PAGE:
A letter to Mr Smith from the trust said: 'It is felt that your standard of driving on this occasion fell far below that required of someone driving a SCAS marked vehicle.'

In June the same ambulance service issued an urgent plea for volunteers after the number of drivers - who completed 19,800 trips in 2012 - dropped from 45 to 28.

A spokesman for SCAS said at the time that it would need 90 extra county ambulances to meet life-saving response times.

Mr Smith has been driving for 46 years and says he always obeys speed limits. He has attended more than 2,000 call-outs and saved numerous lives.

He added that the Sat-nav was still reporting the road was a 30mph zone and he was unaware he had broken the speed limit.

Support: At least 60 people have signed a petition supporting the sacked man since Monday

Support: At least 60 people have signed a petition supporting the sacked man since Monday

Mr Smith said: 'This is a brutal punishment.

'They should have made sure that the mapping in the sat nav we are given is up-to-date.'

Mr Smith - who also provides first aid training through Blewbury’s EMC Medical Services Ltd - estimated he had saved six lives in his role, which he said was the 'most rewarding thing you can do.'

He said today: 'I have to be at a call within eight minutes and at times that is a long time before any ambulance arrives.

'I can be using a defibrillator on a patient, bagging them and being there for their family as well.

'If there is even a slim chance of saving someone then I am there - at least they will have a chance.

'I get people coming up to me in the street saying ‘you saved my child’, you helped my mum.

'It is the most rewarding thing someone can do and a privilege to be able to help people.'

At least 60 people have signed a petition supporting the sacked man in three Faringdon supermarkets and The Bell Hotel since Monday.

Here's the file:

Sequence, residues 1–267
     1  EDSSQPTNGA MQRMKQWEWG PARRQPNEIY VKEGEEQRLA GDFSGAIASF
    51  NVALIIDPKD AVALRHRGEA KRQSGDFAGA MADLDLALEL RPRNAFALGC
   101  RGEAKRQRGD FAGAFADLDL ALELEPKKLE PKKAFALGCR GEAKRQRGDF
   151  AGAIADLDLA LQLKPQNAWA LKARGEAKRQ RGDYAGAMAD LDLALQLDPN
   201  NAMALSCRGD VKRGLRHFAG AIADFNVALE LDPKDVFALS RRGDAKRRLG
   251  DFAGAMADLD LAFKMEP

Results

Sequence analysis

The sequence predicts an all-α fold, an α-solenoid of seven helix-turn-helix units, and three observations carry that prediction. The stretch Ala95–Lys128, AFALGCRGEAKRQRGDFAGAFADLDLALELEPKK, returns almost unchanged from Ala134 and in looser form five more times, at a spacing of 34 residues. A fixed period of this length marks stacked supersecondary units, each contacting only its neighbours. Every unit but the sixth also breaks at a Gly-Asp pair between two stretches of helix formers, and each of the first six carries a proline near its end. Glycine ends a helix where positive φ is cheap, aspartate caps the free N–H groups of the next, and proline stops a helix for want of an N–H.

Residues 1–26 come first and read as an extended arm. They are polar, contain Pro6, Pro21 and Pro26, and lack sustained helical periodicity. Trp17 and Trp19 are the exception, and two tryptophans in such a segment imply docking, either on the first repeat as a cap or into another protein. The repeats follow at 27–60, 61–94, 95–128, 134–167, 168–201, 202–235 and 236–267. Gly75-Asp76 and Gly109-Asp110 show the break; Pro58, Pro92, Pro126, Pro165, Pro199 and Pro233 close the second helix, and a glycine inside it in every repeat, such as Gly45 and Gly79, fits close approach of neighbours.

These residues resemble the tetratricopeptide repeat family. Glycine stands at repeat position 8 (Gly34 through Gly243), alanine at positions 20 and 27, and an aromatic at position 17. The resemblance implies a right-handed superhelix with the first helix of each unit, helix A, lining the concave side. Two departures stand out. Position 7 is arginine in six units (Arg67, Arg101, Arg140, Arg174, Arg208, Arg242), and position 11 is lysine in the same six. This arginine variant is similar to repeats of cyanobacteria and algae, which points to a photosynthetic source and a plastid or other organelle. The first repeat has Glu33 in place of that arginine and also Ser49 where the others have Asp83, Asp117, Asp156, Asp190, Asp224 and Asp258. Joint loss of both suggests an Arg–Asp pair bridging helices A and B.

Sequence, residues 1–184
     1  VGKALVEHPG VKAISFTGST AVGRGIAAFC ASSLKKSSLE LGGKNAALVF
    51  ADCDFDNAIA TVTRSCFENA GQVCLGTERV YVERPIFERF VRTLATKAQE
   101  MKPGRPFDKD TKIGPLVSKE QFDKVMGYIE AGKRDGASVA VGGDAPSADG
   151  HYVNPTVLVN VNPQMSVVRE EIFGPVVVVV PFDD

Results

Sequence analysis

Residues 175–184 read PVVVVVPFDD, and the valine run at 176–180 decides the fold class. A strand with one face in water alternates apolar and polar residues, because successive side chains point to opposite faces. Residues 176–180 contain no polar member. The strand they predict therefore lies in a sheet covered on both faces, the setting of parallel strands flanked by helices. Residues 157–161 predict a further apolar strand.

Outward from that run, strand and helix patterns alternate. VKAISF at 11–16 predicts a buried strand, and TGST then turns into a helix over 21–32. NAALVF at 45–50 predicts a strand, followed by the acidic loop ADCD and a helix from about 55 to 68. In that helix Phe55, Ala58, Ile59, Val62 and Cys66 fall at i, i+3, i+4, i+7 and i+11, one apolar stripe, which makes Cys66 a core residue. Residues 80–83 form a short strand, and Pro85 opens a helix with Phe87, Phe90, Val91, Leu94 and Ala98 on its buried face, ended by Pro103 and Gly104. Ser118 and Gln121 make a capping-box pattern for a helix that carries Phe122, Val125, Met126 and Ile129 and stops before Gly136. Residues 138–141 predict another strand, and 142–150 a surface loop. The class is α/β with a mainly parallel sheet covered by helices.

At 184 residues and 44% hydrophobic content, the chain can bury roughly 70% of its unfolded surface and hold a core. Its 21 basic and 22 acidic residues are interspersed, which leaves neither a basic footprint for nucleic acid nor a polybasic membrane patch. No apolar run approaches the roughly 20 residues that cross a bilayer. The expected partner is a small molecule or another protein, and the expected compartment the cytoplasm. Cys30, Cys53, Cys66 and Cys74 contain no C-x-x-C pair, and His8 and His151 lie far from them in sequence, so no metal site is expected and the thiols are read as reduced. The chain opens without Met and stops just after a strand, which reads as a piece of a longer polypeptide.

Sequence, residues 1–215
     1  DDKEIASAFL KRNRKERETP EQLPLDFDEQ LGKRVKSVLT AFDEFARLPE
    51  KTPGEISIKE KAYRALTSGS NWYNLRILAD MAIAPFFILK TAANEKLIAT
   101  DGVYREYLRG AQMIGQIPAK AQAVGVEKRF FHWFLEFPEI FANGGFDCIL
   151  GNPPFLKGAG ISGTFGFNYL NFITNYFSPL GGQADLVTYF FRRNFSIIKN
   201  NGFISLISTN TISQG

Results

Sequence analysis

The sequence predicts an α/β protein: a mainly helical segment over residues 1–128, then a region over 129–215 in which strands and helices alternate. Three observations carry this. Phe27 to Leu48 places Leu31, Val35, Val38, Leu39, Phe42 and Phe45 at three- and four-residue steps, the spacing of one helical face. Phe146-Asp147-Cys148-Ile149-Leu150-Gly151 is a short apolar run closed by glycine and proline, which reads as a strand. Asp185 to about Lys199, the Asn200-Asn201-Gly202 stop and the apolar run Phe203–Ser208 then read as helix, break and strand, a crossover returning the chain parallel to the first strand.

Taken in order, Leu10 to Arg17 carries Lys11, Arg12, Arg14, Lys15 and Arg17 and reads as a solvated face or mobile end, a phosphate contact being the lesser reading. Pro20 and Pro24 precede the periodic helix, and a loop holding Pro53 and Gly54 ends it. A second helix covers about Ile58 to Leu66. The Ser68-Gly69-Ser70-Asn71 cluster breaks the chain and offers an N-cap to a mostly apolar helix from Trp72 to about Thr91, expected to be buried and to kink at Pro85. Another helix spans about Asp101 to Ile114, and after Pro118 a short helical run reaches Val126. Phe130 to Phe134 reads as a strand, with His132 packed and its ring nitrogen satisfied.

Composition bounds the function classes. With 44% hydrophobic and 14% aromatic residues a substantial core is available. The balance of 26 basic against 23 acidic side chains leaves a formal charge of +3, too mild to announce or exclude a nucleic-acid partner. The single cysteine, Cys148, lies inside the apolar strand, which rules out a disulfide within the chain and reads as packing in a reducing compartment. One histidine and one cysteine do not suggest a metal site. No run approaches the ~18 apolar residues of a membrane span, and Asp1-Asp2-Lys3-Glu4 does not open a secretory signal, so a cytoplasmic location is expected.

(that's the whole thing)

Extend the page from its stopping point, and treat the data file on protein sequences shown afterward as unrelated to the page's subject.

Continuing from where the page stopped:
Organiser and family friend Carolyn Williams, 68, said: 'It is a huge injustice. If it was one of us who had stopped breathing and a community responder was coming at 20mph, you wouldn’t appreciate it.

'It is a huge loss to Faringdon.'

Volunteer: Those supporting Godfrey Smith have said his dismissal will be a huge loss to South Central Ambulance Service

Volunteer: Those supporting Godfrey Smith have said his dismissal will be a huge loss to South Central Ambulance Service

Mr Smith’s son Matthew, 19, has now resigned as a responder in support of his father and handed his marked ambulance car back.

He said: 'I thought it was bad enough for my dad to see that every day and to know that he can’t use it, let alone me going to use it.'

Former patient David Hatton said his life was saved by Mr Smith in 2007 when he collapsed with a heart attack at his  Faringdon home.

Mr Hatton said Mr Smith’s use of a defibrillator and CPR kept him alive in the hour before he got to hospital.

He added: 'It is very petty. How can they get people to volunteer for the service and not give them the tools to do the job?'

Ambulances drivers employed by the trust have to get to 75 per cent of most serious calls in eight minutes and latest figures, for July, show it hit 84 per cent of its target in Oxfordshire.

The same trust hit the headlines last year after it was disclosed it one of its senior officers was a convicted murderer.

The trust had failed to check on the criminal past of operations manager Robert King before employing him.

Mr King retired after he was arrested for drink-driving before his previous conviction was revealed. The trust refused to justify its action in relation to Mr Smith.